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Leadership by Example - Take your licks

As a supervisor, the relationship that we maintain with our team is based on trust.  Our team needs to trust that we are making fair and objective decisions.  The mere hint in impropriety can disperse a group effort, leaving the results of any action in question, and threaten our ability to achieve our goals.

When I was in elementary school, I heard plenty about my "Permanent Record" and how all of my transgressions would be tallied against me in later life.  It is a bit banal how adults can terrorize children into behaving, but it works, so we'll keep it (only joking).  There is a segment of the workforce that I have worked with that seems obsessed with the idea of having the perfect record.  This could be a perfect driving record, a perfect on-time bill payment record, and of course, the perfect work record.  There will be a time when these records get broken.  When that happens, it is important to keep going, and not lose focus.  The importance in anything is to do our best and improve, and sometimes that means taking your licks.

In the classes that I teach, I stress to all of my students that the pursuit of absolute perfection is not only pointless, but damaging.  Please, don't get me wrong, I want my students to do their absolute best.  I urge them to exert maximum effort to achieve the highest grades possible on homework, quizzes, exams and projects.  However, it is unlikely that any of my students will ever receive 100% of the points availalbe.  Some students get so upset by this, that I worry they won't get over it.  A small few have even talked about dropping the course so they can take an opportunity to get a perfect grade . . . . . .not good.  Even with my own children, I don't expect perfection. I have high standards, and I try dearly to hold them accountable.  When they have tried their all, and truly put in a top effort, it makes me proud, no matter what.

In the workplace, one of the more undesireable parts of our job is to enforce guidelines and administer progressive discipline when necessary.  In my work, safety and attendance are paramount concerns.  Our process is manpower intensive, but we are competitive because of our lean workforce.  When an employee calls off without notice or excuse, it can immediately affect their bonus pay and create a noticable vacancy in the process.  If it continues, it results in write-ups, time off without pay, and eventually in the worse cases, termination.  Likewise, because of the hazards in the steel industry, our safety rules and guidelines need to be followed and enforced.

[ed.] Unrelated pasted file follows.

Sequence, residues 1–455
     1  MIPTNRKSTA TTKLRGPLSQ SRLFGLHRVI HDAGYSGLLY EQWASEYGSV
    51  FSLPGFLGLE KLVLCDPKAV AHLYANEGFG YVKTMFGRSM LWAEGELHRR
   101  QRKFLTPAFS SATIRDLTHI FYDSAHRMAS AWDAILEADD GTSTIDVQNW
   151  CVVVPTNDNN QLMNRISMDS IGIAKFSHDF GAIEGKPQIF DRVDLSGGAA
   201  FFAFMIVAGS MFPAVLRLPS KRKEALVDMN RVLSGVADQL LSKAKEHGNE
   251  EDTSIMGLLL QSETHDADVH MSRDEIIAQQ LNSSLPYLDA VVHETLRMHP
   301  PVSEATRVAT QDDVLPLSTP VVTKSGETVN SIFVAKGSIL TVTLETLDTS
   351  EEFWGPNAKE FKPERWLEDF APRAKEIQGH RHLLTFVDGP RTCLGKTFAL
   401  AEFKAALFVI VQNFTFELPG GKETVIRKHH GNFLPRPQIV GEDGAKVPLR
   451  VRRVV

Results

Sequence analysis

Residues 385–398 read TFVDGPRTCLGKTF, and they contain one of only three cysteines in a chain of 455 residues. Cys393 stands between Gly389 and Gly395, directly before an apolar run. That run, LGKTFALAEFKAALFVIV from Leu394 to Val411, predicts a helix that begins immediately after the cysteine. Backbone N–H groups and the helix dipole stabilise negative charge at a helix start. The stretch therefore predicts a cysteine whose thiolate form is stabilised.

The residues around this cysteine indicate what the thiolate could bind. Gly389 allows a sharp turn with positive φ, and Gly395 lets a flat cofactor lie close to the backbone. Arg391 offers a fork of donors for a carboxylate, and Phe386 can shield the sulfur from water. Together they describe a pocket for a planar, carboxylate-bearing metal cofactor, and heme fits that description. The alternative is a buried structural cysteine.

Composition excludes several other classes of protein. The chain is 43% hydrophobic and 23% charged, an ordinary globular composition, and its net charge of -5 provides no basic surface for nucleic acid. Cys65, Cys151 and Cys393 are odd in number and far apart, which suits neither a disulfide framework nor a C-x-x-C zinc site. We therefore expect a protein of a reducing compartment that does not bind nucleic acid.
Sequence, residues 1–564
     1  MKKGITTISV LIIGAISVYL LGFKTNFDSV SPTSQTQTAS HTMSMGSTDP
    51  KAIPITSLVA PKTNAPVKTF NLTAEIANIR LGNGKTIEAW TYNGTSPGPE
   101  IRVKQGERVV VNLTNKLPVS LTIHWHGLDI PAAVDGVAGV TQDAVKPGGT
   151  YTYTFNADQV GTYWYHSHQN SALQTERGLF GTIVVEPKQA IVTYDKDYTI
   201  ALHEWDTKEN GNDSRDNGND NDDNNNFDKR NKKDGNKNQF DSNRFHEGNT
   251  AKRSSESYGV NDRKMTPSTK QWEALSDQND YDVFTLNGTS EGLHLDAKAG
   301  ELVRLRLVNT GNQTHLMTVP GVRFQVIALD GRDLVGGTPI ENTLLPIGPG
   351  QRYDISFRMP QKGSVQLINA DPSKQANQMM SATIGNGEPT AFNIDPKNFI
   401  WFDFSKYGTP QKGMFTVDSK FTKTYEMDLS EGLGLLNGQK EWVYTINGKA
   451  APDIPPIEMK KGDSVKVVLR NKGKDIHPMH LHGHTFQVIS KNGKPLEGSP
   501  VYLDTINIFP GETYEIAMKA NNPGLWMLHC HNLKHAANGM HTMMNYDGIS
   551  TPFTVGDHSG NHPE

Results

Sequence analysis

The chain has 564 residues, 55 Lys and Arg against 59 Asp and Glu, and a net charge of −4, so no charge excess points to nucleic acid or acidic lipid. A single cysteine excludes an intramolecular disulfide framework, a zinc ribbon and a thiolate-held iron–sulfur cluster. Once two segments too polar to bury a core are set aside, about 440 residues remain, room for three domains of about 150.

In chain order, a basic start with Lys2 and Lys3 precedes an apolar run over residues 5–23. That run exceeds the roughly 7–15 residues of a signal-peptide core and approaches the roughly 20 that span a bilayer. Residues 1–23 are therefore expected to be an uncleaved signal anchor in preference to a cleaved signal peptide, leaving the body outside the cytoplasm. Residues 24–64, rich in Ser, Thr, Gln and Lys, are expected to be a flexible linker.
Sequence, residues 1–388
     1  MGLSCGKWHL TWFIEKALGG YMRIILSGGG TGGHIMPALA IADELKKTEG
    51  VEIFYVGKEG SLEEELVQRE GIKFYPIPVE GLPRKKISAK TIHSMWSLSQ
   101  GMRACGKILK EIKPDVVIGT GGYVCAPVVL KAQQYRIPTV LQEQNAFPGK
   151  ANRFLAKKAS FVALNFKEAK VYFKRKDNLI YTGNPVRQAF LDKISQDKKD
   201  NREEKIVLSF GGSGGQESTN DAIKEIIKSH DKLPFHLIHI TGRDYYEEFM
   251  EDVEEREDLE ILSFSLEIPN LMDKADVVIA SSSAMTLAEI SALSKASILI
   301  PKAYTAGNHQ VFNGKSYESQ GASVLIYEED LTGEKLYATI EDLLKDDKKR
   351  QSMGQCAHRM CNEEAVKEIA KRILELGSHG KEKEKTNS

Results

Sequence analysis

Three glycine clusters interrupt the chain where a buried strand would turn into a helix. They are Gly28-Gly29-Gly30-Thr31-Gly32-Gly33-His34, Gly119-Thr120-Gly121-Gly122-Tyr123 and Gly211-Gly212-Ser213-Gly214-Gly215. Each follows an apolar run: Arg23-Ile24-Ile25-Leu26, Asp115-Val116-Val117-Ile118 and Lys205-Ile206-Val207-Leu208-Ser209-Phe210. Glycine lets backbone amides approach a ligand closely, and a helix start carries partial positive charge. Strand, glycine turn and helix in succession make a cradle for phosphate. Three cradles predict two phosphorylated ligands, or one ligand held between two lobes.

In safety meetings we discuss certain concerns as "Cardinal Rules" and breaking one will result in time-off without pay or termination, regardless of one's work record.  Other offenses are dealt in a more progressive fashion starting with a counseling notice, verbal warning, written warning, and time-off.  If an employee continues to work unsafe or misses too much time, they will be forced to find work elsewhere.

Many times, employees get frustrated by the varying severity of discipline.  Just as often as they feel that some people are punished too rough they feel that others are dealt with to leniently.  Often, there are details of the incidents that justify the action taken.  These details don't always make it to the "sewing circles" that occur in the locker rooms, break rooms and cafeteria.  I have spent a good deal of time, informally speaking with my direct reports and other coworkers about the reasoning behind the decisions so they can have some faith and trust in supervisions' objectivity, and not dismayed by arbitrary and capricious actions.

Over the past twenty years, I have had a pretty decent record, but not a perfect one.  I went through a three year period where I was injured on the job four times, once almost life threatening.  It was made very clear to me that my life, and advancability would depend upon finding a better, safer way of approaching my job.  For the most part, I have been succesful in doing just that.  Lately, due to an overloaded work and personal schedule, I have found myself more and more tired and rushed.  The other day, this got the better of me. 

We had a series of mechanical breakdowns with solutions consuming most of the work day.  Earlier in the morning, I placed a personal safety lock on a power disconnect while helping with a particular job.  Most times, I remember to remove my lock once I leave the job, but because of some distractions it stayed on the disconnect even after I left work to go home.  This is a big no-no.  It isn't a cardinal offense, but it is nothing to be taken lightly.  One of my team members called me on my cell phone to tell me.  They were ready to start up the equipment, and I live about 30 minutes away.  Normally there is a procedure to cut a person's lock off, and it involves paperwork.  I approved my coworker to remove my lock in way that wouldn't destroy it, which in turn didn't necessitate a paper trail.

The next morning, I spoke with this coworker about the incident, and I could tell that he was bothered by it.  I told him not to worry, that I was going to report the incident to my manager, so that it was handled correctly.  I approached my manager, and told him up front that I had made a mistake, and left my lock in place and left the site the evening before.  He responded that he would issue a counseling notice, same as is done wtih anyone who had commited this infraction in the past.

There is no perfection that we as mortals can attain in this world.  Adhering to some lofty ideal of not making a mistake is the best way to make too many.  I earned a new level of trust from my team, but owning up to my error and not brushing it off.  I took my licks, and I learned something from it. 

Keep it safe, keep it real.


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